City of Southlake’s Splash Pad Systems
There are two different style splash pad systems and both achieve a safe and healthy facility that aligns with CDC Best Practices and the Texas Administrative Code. The City of Southlake has working examples of each type of these systems and are noted below.
Bicentennial Park Playground
The Bicentennial Park amenity is a flow-through, or single-use splash pad, that uses the City’s public drinking (potable) water to feed all spray features and activities. After the water is sprayed by play features, it runs to drains on the pad base, which are routed directly to the park’s retention pond which is used to irrigate the 82-acre park. By routing runoff water directly to the pond, this system ensures clean, fresh water is always being used by pad features. This design relies on the City’s drinking water utility system, a system with several fail safes and a published Water Quality Report. The water spraying out at this spray pad is equivalent to the water spraying out of your shower at your home.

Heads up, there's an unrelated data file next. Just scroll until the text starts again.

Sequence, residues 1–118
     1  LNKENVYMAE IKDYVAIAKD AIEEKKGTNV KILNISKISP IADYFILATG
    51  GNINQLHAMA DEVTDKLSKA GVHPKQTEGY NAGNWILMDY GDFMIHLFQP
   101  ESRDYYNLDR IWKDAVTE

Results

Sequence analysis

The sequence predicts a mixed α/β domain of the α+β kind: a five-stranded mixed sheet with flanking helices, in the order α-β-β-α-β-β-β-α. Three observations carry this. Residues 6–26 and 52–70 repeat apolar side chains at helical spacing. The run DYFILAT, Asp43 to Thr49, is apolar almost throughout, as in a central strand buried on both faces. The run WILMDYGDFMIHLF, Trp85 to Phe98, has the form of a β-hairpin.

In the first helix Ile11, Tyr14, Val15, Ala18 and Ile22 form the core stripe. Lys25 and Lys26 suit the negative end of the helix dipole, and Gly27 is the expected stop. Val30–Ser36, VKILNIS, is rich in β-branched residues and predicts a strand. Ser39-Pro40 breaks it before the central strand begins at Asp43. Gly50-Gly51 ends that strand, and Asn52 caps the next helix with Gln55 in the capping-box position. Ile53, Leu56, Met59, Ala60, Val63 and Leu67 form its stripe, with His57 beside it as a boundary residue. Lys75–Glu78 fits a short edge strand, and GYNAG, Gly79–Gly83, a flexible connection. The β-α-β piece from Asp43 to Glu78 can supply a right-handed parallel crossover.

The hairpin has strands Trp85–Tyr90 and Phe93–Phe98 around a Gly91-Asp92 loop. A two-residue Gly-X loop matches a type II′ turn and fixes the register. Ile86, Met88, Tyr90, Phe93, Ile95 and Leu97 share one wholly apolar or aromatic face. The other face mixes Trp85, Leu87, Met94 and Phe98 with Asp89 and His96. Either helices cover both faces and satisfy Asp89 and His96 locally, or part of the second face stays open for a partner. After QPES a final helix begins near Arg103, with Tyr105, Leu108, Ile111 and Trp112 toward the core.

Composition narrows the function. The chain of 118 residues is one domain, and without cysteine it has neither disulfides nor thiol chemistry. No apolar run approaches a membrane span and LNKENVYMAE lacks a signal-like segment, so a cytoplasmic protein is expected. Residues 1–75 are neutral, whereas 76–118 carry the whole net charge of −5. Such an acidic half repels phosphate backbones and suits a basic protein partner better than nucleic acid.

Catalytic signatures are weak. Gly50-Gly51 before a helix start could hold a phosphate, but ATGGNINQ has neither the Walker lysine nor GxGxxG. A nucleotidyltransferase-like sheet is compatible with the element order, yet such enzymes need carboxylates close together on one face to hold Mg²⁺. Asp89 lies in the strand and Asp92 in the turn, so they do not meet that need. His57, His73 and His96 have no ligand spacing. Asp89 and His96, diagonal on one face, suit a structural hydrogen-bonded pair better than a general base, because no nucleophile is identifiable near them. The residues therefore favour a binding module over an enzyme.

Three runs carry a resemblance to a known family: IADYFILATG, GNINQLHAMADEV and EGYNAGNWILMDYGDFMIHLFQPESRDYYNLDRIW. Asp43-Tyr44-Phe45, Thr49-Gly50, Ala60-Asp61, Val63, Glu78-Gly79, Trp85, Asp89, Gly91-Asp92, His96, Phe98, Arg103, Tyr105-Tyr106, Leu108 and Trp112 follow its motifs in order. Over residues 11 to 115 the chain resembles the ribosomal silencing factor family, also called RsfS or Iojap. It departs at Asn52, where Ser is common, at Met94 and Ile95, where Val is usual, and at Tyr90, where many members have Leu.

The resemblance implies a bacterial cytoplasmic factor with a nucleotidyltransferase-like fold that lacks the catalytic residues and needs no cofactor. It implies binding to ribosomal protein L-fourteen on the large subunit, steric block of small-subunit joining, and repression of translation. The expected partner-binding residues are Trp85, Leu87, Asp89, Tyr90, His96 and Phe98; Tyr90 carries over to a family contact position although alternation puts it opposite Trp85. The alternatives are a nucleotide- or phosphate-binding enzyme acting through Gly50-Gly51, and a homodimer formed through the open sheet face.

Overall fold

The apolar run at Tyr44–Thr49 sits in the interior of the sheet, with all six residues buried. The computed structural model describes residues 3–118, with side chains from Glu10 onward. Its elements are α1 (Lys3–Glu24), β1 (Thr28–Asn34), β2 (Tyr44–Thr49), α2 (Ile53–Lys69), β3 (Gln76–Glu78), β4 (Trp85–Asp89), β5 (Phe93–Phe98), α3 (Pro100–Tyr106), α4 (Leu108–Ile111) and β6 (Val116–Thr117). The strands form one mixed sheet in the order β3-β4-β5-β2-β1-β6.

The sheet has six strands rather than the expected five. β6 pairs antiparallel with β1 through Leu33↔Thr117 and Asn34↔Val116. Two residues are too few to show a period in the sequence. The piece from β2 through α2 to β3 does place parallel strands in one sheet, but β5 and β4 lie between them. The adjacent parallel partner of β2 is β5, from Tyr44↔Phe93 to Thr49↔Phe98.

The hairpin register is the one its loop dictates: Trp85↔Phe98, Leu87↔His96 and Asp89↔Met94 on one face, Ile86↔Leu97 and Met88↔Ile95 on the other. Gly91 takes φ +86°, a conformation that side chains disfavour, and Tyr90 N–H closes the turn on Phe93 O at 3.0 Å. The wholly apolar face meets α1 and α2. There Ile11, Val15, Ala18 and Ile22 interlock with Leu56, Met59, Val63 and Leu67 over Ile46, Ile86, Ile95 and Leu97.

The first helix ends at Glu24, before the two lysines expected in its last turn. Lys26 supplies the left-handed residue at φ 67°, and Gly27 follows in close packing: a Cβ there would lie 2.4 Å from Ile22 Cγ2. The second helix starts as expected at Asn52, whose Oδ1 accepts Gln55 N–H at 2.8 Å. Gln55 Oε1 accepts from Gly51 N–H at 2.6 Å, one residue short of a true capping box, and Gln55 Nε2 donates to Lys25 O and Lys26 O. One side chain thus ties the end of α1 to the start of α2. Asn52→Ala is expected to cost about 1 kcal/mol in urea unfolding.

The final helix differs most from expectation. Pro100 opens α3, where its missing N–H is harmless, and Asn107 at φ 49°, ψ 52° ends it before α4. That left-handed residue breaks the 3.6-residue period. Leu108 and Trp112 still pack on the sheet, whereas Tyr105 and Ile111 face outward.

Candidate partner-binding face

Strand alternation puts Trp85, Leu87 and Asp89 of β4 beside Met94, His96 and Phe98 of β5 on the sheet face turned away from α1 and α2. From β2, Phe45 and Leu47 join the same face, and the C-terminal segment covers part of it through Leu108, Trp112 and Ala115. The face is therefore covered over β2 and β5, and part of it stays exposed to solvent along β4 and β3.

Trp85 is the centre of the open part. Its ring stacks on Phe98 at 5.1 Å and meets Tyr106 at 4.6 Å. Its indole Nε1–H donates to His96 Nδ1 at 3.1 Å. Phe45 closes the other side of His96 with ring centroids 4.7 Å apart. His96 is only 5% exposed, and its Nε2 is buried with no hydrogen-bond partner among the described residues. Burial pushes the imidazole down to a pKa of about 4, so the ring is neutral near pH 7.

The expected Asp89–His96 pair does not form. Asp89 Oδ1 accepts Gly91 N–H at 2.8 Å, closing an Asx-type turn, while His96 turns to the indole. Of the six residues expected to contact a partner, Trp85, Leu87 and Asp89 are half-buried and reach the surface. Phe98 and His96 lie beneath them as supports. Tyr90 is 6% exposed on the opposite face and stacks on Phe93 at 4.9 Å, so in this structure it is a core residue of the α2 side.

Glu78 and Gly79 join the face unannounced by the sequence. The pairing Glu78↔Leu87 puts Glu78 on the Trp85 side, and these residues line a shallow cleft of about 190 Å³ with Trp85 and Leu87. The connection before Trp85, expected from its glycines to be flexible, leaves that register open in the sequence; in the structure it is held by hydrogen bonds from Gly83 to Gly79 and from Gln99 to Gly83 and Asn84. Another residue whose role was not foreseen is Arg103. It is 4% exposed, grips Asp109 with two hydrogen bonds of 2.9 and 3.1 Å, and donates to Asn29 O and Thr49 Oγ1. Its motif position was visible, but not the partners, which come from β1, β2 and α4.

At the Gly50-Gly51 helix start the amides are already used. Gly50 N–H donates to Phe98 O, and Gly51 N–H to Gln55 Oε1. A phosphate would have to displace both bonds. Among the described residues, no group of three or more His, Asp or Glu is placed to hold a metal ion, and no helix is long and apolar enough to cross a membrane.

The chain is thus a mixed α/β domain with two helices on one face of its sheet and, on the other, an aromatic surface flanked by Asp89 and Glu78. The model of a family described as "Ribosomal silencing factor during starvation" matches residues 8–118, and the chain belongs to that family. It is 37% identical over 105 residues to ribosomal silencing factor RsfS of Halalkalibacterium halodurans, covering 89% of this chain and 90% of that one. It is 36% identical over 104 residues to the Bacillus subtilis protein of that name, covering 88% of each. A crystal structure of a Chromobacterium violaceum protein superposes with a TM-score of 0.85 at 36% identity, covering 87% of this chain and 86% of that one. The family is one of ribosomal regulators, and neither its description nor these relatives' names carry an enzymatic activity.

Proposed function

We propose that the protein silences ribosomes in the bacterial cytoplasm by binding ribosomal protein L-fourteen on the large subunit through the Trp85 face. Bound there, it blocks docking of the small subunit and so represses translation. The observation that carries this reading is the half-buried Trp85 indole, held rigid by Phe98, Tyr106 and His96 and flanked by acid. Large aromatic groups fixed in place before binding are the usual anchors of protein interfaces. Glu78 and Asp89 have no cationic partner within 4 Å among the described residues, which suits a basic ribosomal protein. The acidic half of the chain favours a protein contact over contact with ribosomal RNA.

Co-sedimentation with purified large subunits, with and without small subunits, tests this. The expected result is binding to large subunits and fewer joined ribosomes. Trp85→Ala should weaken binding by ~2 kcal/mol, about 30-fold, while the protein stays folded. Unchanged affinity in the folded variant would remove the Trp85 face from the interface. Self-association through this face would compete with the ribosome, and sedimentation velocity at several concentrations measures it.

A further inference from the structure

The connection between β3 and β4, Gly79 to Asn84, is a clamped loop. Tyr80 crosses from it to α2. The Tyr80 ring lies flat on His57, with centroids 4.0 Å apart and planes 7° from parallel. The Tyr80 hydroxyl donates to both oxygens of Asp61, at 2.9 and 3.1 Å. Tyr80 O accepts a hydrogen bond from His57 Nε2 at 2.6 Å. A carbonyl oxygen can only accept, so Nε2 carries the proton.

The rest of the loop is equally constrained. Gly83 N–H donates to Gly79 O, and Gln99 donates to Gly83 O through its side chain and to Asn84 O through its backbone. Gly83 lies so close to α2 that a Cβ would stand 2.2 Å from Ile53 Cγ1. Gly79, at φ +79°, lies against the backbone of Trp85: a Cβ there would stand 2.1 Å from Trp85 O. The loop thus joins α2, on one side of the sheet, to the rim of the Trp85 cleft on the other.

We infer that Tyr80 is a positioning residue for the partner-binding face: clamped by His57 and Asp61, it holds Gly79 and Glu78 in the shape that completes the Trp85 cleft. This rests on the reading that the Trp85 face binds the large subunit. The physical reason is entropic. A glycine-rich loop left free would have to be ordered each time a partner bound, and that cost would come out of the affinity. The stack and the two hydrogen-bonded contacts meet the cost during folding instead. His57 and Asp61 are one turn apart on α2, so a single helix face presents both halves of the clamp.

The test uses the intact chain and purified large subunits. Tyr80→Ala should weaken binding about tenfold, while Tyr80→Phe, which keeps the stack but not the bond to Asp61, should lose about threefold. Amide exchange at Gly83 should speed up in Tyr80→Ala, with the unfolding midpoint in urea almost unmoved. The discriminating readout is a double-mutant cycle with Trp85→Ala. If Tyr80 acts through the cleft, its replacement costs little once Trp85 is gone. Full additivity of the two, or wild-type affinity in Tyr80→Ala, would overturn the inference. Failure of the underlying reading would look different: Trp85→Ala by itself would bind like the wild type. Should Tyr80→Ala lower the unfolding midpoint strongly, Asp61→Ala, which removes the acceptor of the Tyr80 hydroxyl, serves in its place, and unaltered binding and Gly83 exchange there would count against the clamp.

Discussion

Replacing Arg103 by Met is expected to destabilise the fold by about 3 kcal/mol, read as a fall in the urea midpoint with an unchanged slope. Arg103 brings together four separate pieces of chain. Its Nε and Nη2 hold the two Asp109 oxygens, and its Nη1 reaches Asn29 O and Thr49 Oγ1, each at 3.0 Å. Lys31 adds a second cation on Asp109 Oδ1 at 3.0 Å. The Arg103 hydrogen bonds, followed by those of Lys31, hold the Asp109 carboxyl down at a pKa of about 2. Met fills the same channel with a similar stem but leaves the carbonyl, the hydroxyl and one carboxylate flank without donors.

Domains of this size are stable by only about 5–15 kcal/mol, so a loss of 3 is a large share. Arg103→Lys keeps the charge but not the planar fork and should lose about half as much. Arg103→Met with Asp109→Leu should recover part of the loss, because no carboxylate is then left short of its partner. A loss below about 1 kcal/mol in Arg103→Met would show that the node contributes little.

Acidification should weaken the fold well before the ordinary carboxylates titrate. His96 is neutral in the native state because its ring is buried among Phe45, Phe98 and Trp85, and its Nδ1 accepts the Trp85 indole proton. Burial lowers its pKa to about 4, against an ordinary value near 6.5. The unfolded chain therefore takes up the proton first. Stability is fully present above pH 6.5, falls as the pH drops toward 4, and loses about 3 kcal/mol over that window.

The Champions Club amenity is a recirculation style splash pad that uses filtration and disinfection systems to clean water that is reused within the splash pad system; the same process that keeps public swimming pools clean. Water flows from the drains on the pad to a main collection tank. Water from the collection tank flows through a filtration system, consisting of a filter, UV disinfection system, and disinfection treatment. Only after flowing through this system, is the water pumped to the features that patrons interact with. State-of-the-art chemical controllers and monitoring systems are used to ensure proper water chemistry and quality are maintained to the requirements of the Texas Department of State Health Services Public Swimming Pool and Spa code, and the Public Interactive Water Feature Code, which aligns with the recommendations for healthy swimming from the Centers for Disease Control (CDC).